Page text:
Book: The Voice Within by Roger Penfound
|5 stars based on the 3 most helpful Amazon reviews|
Roger Penfoundabout this book: A journalist on a major London daily is set up by his bosses on charges of phone hacking and forced to resign. With his career in ruins and his personal life a mess, he retreats from his former life of debauchery and excess to his family's ancestral home on the rugged coast of South West England. Penhallam Manor was the scene of a mysterious triple murder during the English Civil war and Doug Penhallam's unemployed status gives him the opportunity to research the story for a book he is writing.
The current owner, Julia Masters, lives an isolated and alcoholic existence in the house. She agrees to take Doug in and show him the ancestral home. As a journalist raised on a diet of cynicism and mis-trust, he finds himself inexplicably drawn back to another time as the building releases the memories that are locked within its fabric.
On further visits, the relationship between Doug and Pamela develops, both being in need of human companionship. Doug discovers the dark secret that binds Pamela to the house and on his first overnight stay, the memories that assail him begin to take on a more pragmatic form with parallels to his current life.
Doug is estranged from his family but a call from his former wife alerts him to his son, Nick's, relationship with a Muslim girl. The girl's father has forbidden her from seeing Nick and demanded instead that she return to Pakistan to marry a local boy. The girl is threatening suicide rather than comply with her father's instructions.
Doug's attempts to intercede are met with derision by Nick who blames his father for his damaged upbringing but when Aleena is kidnapped by her radicalised brother and made subject to the authority of a sham Sharia court, father and son bury their differences in an attempt to save her from a terrible punishment.
As events unfold, the memories at Penhallam become more vivid and Doug finds himself drawn back into a tempestuous time in 1643 when neighbour fought neighbour in a bitter civil war that led to the murder of two lovers who found themselves driven apart by feuding families. Doug begins to realise that the memories that speak to him now are connected with his own son's contemporary troubles and that listening and learning from the past may hold the key to saving Aleena.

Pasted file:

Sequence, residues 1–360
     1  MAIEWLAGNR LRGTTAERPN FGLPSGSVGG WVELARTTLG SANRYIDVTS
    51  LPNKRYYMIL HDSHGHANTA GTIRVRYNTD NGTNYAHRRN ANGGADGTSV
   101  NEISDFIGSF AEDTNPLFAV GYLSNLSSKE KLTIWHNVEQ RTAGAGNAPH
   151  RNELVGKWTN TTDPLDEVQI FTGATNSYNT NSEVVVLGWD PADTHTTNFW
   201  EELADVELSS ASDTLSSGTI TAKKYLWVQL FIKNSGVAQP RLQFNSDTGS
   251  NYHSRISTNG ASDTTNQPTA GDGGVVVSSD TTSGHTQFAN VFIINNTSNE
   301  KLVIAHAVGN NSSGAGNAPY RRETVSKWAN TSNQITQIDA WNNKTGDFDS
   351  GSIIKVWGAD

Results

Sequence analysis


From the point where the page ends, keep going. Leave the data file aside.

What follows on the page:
The notion that memory can be stored in items other than conventional recording tape or hard drives, has some scientific credibility. At MIT in Boston, memory has been decoded from objects as diverse as the leaves of a plant and a crisp packet. It seems reasonable therefore to ponder the impact of buildings retaining memory within their walls, particularly when the original events generated a state of heightened emotion. The question is, how do we replay these memories? Recording tape is easy – we have the technology available. In 'The Guest Who Stayed', Doug Penhallam returns to his ancestral home and it is his genetic link through his family line that provides the trigger for these memories to be released and replayed. In addition, the memories link to the current problems encountered by his son in a relationship with a Muslim girl, raising the question of whether memory can be inherited and passed down a family line, just as physical characteristics are inherited from one generation to the next.
Many of us have experienced a place we recognise but haven't visited before, or a face that is familiar but the person unknown. The Guest Who Stays prizes open the door on these issues and suggests that we live in a more complex realm that our current consumer driven society finds difficult to embrace.
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